Верблюд стоит на трёх ногах


A few years ago I tried to learn Russian just using Rosetta Stone Russian to test how well it worked. I chose Russian because I hadn’t studied before and because I thought it would be an interesting and useful language learn. At that time I also needed to put together web pages in Russian from time to time, so I thought being able to at least read the language a bit would be handy.

I spent over six months studying every day and in all that time I didn’t learn any phrases like Здравствуйте (Hello), Как дела? (How are you?) or Спасибо (thank you), but I did learn colours, numbers, a variety or nouns like мальчик (boy), девушка (girl), лошадь (horse), слон (elephant) and самолет (aeroplane), and ‘useful’ phrases like, Лошадь не настоящая (The horse is not real), Тигр сидит на стене (The tiger is sitting on the wall), and Верблюд стоит на трёх ногах (The camel is standing on three legs).

Rosetta Stone is designed to teach you entirely through the language you’re learning using photos and recordings. It’s not always clear exactly what the photos are supposed to represent, and when you’re asked to match photos to written or spoken words and phrases, it’s possible to do so without really understanding the words and phrases. The choice of phrases may seem somewhat strange, though many language courses, especially older ones, use similar kinds of phrases to teach you vocabulary and to illustrate various grammatical constructions.

Last week I started learning Russian again using Language101.com, which provides online courses in French, German, Danish, Spanish, Irish, Canadian French and Russian. It uses a spaced repetition system (SRS) with recordings, and contains thousands of phrases for each language. Over the past few days I’ve learnt more practical and useful Russian phrases than I did in six months with Rosetta Stone, and I’ll be writing a review of the site soon.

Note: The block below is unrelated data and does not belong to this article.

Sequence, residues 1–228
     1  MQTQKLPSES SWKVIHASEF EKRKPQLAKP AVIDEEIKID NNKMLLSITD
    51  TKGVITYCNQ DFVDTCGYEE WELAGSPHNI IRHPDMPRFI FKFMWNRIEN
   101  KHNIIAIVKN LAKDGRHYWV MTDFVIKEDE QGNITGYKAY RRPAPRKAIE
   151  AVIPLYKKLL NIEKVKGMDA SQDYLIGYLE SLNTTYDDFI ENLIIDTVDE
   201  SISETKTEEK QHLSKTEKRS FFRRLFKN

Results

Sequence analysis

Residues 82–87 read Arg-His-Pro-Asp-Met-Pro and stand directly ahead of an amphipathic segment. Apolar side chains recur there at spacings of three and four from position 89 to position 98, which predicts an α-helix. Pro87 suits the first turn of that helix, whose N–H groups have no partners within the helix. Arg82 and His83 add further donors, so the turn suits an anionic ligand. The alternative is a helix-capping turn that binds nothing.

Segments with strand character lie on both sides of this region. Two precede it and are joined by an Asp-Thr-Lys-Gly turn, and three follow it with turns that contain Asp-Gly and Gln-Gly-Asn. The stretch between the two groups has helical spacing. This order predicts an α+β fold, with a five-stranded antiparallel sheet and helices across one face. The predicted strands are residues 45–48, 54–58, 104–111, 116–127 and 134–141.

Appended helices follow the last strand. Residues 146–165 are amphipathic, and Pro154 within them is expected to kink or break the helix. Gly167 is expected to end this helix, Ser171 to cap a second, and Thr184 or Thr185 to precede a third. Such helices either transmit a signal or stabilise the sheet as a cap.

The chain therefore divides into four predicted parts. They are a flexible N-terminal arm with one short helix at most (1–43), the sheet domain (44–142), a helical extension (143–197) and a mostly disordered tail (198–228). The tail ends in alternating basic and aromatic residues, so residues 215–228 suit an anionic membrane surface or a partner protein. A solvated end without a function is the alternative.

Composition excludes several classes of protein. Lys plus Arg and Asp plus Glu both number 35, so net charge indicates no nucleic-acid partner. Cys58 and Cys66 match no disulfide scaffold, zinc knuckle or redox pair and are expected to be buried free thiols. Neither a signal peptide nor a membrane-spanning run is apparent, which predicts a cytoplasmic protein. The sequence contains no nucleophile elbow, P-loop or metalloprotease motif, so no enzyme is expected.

I plan to focus mainly on Russian for the next two months using such courses as Language101.com, WikiTranslate.org, A Spoonful of Russian and Language Bridge. I’ll also listen Russian language radio every day (at the moment I’m listening to Радио Голос России).

One word I recognised while listening to Russian radio yesterday was верблюд (camel) – I think they were talking about camels in Tajikistan. I remembered it because of the phrase from Rosetta Stone. This got me thinking that while you would rarely use phrases like верблюд стоит на трёх ногах, unless you happened to live in a camel-infested Russian-speaking region, such as Tajikistan, that phrase is very memorable because it’s unusual and funny.

Perhaps that’s the point – learning phrases like this helps you to remember ordinary words like stand, three and legs, as well as camel, and it shows you how to put them together. The more unusual and funny or silly the phrase, the more likely you are to remember it. It works for me at least. So I plan to try constructing similarly unusual, funny, silly and ridiculous sentences in Russian and other languages to help me remember vocabulary and grammatical patterns. I might even make some videos like the ones on my YouTube channel featuring these phrases.

Do you have any suggestions for suitably silly phrases?

[Addendum] Here’s my Language101.com review.

This entry was posted in English, Language, Language learning, Russian.

8 Responses to Верблюд стоит на трёх ногах

  1. Magnus says: